Some teachers in North Carolina will get a raise next year. That seems like a foregone conclusion.
The questions now are how big the raise will be and which teachers will get it, how will Governor Pat McCrory and state lawmakers pay for it, and will they try to convince voters that increasing teacher pay by a few hundred dollars will make up for the deep cuts to education in the last several years?
McCrory talked about the teacher pay raise at his rambling news conference last week laying out his agenda for 2014. McCrory didn’t offer many details, other than to say he wanted to increase pay for starting teachers and come up with a way to pay the best teachers more, though he does not appear to have a plan in mind to evaluate teachers for prospective pay hikes.
The announcement comes as former Governor Jim Hunt is leading an effort to raise teacher pay to the national average, which seems like a good start.
North Carolina now ranks near the bottom of the 50 states and Virginia is openly recruiting North Carolina teachers to come across the border and earn more.
McCrory, despite his new found realization that teachers are underpaid, for some reason refused to endorse Hunt’s idea. Then later in the week Rep. Paul Stam issued a press release saying teachers could receive a raise this year if local school districts took advantage of flexibility lawmakers gave them and shifted money from other priorities—like helping at-risk kids—to pay teachers more.
McCrory hasn’t responded to Stam’s idea but it is a useful one, not as a public policy—it is a horrible plan—but as another reminder about what’s behind all this bluster about teacher pay from McCrory and his Republican colleagues currently running the General Assembly.
It is the same crowd that has slashed education funding across the board, from reducing the number of slots for NC Pre-K for at risk four-year-old to increasing class sizes and laying off teacher assistants to slashing funding for textbooks to obscenely low levels.
Textbooks cost from $35 to $85 per book, hard copy or digital. The budget passed by Stam and his fellow state lawmakers and signed by Governor McCrory provides a total of $15 per student for textbooks, less than half the cost of one book.
Classroom support for teachers has been cut too and so has funding for supplies. In 2011, state lawmakers created a state tax credit for teachers who were forced to buy supplies themselves, a remarkable admission that the state is not adequately funding public school classrooms.
The tax credit was repealed in the regressive tax shift passed last year, a signal that while they admit classrooms are underfunded, they would rather slash taxes on the wealthy and out of state corporations than do something about it.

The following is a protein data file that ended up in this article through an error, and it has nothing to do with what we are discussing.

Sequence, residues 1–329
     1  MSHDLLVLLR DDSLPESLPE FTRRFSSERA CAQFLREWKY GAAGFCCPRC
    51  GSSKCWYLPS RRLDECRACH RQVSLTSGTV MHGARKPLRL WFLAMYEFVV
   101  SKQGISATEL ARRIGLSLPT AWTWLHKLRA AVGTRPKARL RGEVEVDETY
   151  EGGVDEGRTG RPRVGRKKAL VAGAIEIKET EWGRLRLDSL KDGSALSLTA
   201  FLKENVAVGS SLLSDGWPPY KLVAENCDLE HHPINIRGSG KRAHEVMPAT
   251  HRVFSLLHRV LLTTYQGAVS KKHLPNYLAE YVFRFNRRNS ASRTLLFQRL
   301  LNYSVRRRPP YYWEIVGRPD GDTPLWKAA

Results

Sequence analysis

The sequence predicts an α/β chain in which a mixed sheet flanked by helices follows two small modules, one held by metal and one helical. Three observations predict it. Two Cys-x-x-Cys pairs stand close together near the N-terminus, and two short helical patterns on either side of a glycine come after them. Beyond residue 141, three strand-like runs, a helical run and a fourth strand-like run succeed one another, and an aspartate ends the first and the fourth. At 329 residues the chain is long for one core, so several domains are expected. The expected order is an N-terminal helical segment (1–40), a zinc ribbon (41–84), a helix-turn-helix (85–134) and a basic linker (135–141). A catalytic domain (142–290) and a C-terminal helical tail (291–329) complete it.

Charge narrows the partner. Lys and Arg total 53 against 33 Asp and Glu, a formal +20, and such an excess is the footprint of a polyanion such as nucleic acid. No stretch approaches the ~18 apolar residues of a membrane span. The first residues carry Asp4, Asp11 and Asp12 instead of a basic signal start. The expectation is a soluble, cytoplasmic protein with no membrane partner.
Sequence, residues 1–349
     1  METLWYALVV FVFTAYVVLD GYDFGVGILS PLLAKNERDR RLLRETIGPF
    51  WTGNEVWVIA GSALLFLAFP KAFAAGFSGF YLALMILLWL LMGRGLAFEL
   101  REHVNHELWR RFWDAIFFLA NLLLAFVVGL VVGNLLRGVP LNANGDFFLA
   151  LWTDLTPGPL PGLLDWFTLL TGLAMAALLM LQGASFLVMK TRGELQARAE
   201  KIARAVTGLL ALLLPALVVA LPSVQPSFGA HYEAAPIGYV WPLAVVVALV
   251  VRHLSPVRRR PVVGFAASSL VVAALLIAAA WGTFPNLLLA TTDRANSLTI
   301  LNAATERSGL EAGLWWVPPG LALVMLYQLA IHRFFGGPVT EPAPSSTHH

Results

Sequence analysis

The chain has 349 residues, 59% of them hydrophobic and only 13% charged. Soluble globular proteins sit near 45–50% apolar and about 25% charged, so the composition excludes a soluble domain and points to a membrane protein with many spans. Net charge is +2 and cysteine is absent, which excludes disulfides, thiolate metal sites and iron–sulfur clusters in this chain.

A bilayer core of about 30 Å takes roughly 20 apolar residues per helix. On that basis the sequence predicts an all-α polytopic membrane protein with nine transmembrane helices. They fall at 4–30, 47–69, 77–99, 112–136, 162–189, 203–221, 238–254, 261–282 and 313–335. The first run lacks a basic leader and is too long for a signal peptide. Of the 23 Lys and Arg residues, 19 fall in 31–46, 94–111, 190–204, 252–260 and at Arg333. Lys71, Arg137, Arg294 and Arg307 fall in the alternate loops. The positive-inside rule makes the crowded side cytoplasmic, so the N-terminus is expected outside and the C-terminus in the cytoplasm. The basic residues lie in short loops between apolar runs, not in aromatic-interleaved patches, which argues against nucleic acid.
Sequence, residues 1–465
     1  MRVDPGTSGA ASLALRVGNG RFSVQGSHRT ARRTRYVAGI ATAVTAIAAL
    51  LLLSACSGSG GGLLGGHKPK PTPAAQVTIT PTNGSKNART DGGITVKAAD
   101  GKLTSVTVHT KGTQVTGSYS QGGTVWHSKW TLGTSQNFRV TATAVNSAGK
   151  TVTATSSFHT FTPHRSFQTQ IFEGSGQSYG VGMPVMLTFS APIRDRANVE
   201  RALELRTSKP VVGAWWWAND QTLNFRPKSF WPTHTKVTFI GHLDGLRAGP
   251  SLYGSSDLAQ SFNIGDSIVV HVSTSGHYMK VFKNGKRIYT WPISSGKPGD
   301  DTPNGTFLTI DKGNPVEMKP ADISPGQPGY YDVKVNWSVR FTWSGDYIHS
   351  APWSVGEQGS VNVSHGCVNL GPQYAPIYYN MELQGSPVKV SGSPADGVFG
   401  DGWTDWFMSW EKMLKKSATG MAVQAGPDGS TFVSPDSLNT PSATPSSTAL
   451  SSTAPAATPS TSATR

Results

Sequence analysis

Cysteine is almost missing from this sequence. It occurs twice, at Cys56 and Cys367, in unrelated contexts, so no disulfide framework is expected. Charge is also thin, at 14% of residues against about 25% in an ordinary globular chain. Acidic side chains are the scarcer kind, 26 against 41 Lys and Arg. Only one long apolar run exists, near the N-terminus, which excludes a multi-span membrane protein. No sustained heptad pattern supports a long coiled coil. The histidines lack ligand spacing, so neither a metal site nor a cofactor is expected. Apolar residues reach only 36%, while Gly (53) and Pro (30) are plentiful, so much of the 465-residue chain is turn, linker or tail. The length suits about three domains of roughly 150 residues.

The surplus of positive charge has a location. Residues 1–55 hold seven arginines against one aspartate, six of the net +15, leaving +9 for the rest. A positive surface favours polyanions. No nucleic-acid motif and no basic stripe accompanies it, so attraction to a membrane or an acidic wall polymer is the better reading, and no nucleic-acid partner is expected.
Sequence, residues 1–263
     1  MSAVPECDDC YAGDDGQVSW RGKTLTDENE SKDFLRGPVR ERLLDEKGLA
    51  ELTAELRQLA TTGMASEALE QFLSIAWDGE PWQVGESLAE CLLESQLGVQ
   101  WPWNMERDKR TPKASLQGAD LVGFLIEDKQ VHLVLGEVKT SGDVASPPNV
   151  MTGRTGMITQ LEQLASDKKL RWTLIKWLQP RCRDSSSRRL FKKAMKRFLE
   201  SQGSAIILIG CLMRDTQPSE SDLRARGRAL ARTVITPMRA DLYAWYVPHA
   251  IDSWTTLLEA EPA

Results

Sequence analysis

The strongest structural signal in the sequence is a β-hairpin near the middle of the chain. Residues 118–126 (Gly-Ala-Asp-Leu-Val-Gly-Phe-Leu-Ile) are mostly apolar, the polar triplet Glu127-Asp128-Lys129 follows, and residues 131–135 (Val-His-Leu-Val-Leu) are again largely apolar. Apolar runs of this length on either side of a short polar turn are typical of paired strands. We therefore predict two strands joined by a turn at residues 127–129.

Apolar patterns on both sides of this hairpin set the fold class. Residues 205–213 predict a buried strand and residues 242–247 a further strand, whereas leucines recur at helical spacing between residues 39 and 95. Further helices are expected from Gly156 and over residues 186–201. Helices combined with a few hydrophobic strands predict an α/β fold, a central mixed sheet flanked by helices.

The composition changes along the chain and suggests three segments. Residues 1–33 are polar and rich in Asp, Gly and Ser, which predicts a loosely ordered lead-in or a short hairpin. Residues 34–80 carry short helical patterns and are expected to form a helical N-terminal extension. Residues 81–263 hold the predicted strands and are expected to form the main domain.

Despite the talking points from the Right claiming otherwise, Governor McCrory and state lawmakers overall spent $100 million less this year on education than was needed to keep schools funded at the same level as last year.
Funding for public schools is down more than $500 million since 2007-2008 when adjusted for inflation. Classes are bigger, many teacher assistants are gone, support for teachers and students has been reduced.
Then there is the ill-advised end to career status for teachers and the insulting plan to give $500 bonuses to the top 25 percent of teachers in a school, a proposal that several school districts are rejecting because the damage from dividing a school far outweighs giving a little more money to a handful of teachers.
And to top it off, Stam and his colleagues also created a sketchy voucher scheme last year to divert money from public schools to almost completely unaccountable private and religious academies, many of which openly discriminate against gay students and teach bizarre fundamentalist theories about history and the age of the earth.
Add it all up and it’s hard not to get the feeling that the folks currently in charge in Raleigh are more worried about the public outrage about teacher salaries than actually helping the public school teachers who deserve to make more money.
Otherwise, state leaders would stop their crusade to dismantle public education and drop ridiculous ideas like raising teacher pay on the backs of at-risk kids.
Teachers need and deserve a raise—and a sizable one. Reaching the national average ought to be the floor not the ceiling.
But teachers and students also need and deserve state leaders dedicated to making sure public schools have the resources they need to do their jobs. They need real investments, not cynical political gestures.